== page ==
Three years ago I was warning about the threat of less jobs from automation. See “As Economy Recovers Less Jobs Will Be Available for Middle Class. It’s the Robots.”
But my friend Bob Sullivan just posted a new article that is worth reading about how robots will take your job. You can read it here.
Bob’s latest article nails the issue on the head about “bringing back jobs to America.” It’s a popular political slogan right now. There is only one problem with the mentality that American jobs are lost to foreign countries. It’s mostly not that true.
Bob’s article says, “Robots are coming for our jobs, and they are gaining on us fast. In case you’ve been living under a rock, here’s a quick summary of where things stand. Analyst firm Forrester Research said recently that machines will eliminate 6 percent of U.S. jobs by 2021.”
You might hear someone toss out big number of American jobs lost. You might have even heard the statistic that from 2000 to 2010 5.6 million American manufacturing jobs have vanished. Now there is a fact that has a huge “yes but” behind it.
While American manufacturing jobs have been declining, at the same time American manufacturing productivity has increased 40 percent.
Of jobs lost, a small amount, about 13 percent have been lost to international outsourcing. But 85 percent of the job losses have been directly related to increases in automation right here in factories in the United States.
And now for a less dramatic video.
While people protest that low skill manufacturing jobs are vanishing, the reality is higher skilled manufacturing jobs are going unfilled. Nearly two million such jobs are looking for workers.
Manufacturing companies are desperate for higher skilled manufacturing workers. The majority of manufacturing executives say they willing and eager to pay above market wages to fill those positions.
The inability to fill these jobs means factories are unable to the customer demand for their products so they can turn to foreign outsourcing to fill orders with less skilled workers who are paid low wages. American’s lose jobs from lack of education and skill rather than just simple outsourcing.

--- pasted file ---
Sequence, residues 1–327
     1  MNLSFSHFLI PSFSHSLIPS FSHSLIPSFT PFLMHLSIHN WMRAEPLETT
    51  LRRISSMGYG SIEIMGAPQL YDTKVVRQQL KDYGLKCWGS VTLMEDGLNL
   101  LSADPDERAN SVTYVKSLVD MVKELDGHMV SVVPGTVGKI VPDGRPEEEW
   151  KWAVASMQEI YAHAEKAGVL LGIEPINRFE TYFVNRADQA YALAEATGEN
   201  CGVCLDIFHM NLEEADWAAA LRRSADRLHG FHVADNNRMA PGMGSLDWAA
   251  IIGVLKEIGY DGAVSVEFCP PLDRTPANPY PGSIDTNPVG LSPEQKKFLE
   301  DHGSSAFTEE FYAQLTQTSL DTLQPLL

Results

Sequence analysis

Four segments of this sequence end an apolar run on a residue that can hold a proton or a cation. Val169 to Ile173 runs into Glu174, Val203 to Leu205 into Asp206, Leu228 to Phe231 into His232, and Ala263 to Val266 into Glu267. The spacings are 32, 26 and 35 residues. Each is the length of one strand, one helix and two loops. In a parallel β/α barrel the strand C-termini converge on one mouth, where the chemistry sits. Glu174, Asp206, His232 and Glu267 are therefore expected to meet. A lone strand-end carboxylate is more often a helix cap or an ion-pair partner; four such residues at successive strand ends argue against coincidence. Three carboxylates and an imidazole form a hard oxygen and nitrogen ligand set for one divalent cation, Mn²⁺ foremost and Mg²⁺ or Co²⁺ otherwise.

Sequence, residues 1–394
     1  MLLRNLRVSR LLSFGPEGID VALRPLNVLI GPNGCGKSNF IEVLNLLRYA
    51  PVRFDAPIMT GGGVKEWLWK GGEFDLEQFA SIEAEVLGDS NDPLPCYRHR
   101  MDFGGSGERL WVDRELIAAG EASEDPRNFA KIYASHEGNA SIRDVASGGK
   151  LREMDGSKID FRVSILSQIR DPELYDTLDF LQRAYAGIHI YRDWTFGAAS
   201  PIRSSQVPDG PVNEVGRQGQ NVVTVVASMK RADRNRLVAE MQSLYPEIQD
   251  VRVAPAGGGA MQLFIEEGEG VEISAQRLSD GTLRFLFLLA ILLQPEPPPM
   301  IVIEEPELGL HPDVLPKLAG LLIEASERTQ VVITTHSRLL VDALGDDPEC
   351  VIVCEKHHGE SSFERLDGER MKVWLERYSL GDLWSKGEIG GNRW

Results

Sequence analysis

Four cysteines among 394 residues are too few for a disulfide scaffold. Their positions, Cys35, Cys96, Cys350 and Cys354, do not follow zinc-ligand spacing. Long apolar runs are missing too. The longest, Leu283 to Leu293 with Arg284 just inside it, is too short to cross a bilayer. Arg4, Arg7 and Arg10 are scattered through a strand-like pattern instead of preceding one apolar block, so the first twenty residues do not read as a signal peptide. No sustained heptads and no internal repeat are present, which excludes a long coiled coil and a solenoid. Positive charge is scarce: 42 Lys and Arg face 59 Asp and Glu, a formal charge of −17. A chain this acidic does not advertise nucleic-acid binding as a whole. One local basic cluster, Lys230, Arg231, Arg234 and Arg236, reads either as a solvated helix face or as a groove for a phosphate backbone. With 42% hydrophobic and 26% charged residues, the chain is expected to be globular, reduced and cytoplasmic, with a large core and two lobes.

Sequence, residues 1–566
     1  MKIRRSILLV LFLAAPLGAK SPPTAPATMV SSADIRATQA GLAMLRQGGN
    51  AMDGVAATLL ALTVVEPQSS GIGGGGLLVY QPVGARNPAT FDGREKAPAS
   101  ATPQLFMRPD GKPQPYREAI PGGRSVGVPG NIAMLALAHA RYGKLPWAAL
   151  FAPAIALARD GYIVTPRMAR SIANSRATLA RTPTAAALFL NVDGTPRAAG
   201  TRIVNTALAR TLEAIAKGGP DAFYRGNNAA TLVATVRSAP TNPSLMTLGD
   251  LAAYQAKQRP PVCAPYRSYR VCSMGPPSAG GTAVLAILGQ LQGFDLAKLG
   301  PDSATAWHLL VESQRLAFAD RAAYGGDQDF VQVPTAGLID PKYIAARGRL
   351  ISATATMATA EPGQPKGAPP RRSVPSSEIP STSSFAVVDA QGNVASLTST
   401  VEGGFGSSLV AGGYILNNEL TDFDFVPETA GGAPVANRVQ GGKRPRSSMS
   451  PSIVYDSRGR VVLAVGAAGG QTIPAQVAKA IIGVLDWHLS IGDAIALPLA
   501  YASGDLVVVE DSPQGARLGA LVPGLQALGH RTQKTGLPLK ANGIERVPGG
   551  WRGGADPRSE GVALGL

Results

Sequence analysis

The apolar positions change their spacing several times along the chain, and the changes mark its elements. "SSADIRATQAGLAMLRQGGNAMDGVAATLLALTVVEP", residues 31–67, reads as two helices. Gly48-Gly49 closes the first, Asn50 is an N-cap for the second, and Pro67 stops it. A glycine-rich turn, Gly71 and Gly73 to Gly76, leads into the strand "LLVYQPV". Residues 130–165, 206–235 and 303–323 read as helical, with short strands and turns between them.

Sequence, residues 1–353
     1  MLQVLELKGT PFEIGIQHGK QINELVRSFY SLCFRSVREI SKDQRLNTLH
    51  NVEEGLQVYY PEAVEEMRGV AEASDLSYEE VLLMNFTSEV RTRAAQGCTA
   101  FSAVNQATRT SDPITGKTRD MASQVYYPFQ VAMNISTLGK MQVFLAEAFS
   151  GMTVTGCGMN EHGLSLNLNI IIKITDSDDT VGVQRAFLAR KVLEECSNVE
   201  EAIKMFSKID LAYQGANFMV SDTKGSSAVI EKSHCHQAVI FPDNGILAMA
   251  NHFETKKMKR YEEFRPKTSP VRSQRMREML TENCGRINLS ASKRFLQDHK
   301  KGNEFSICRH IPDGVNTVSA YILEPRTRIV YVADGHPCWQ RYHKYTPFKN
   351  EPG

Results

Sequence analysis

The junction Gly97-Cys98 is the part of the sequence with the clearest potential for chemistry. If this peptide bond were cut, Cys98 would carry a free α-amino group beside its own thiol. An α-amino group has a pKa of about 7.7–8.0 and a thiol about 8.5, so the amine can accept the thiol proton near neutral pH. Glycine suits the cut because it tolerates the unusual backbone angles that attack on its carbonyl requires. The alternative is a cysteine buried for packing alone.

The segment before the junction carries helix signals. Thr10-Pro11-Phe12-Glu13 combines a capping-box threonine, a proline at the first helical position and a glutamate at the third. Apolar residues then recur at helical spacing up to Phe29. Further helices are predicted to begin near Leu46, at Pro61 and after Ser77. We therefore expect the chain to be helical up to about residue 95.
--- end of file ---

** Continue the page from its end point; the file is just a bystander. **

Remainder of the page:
Manufacturers want to bring these jobs back. “Given almost half of executives would consider reshoring their manufacturing operations back to U.S., demand for skilled workers is likely to further increase. Difficulties in finding the qualified talent may push manufacturers to automate their factories and replace people with machines. However, automation requires highly skilled personnel to operate, though fewer in number. In both cases (i.e., whether companies automate or not), manufacturers require skilled workers in their plants.”
But manufacturers want to fill all of the manufacturing jobs at home. The only thing holding them back, training.
Eighty-four percent of manufacturing executives say there is a talent shortage in the U.S. manufacturing sector.
And this is a situation that is only to get worse as baby boomers start retiring on large numbers. Reports estimate that 700,000 new manufacturing jobs will emerge just as 2.7 million older workers are retiring. Over the next decade, 3.4 million manufacturing jobs are expected to need to be filled, right her in America.
So what are these skills that manufacturers can’t locate? They are basic skills like technology and computer skills, problem solving, technical training, and math.
These are skills that can be taught to American workers. But interestingly unemployment programs struggle to provide these retraining benefits as people complain the unemployment benefits people get are too high.
And in the absence of filling these skilled jobs, manufacturers will turn more and more to automation and robotics. Hey, robots show up on time, do their job, and are safer. It’s really hard to argue from a manufacturing point of view that investing in robotics to increase production and lower costs isn’t a smart thing to do.
All I can say is if you might be one of the people who think a low skill manufacturing job is going to rush back to America following a change of politicians, don’t hold your breath. That’s not a function of trade policy. It’s a function of automation.
As a government report stated, “For example, at many of the country’s biggest container shipping ports—the primary gateways to and from the United States for waterborne international shipments—automation has replaced longshoremen in a variety of activities, from computerized cargo management platforms that allow for visualization of the loading of a container ship in real time to software that allows for end-to-end management of individual containers throughout the unloading process.”
I’d love to hear the proposed plan of anyone on how to bring back these lost longshoreman jobs that are just no longer needed. There isn’t a valid argument.
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